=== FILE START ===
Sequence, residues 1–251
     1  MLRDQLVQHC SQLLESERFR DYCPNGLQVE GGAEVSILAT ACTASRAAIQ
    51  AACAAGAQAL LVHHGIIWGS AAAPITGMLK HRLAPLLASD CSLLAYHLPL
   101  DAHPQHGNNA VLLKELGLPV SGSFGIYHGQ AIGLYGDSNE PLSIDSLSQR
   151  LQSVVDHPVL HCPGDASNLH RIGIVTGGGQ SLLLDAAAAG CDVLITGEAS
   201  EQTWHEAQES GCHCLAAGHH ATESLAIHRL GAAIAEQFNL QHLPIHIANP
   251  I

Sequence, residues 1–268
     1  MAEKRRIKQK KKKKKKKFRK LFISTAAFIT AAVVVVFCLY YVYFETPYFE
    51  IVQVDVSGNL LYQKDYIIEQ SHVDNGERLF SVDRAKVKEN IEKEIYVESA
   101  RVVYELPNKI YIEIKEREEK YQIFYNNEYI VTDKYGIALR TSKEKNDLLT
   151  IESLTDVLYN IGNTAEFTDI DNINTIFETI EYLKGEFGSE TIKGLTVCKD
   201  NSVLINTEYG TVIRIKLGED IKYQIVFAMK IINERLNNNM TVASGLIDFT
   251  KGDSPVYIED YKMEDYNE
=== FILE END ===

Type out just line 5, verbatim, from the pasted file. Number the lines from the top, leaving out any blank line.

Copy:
   151  LQSVVDHPVL HCPGDASNLH RIGIVTGGGQ SLLLDAAAAG CDVLITGEAS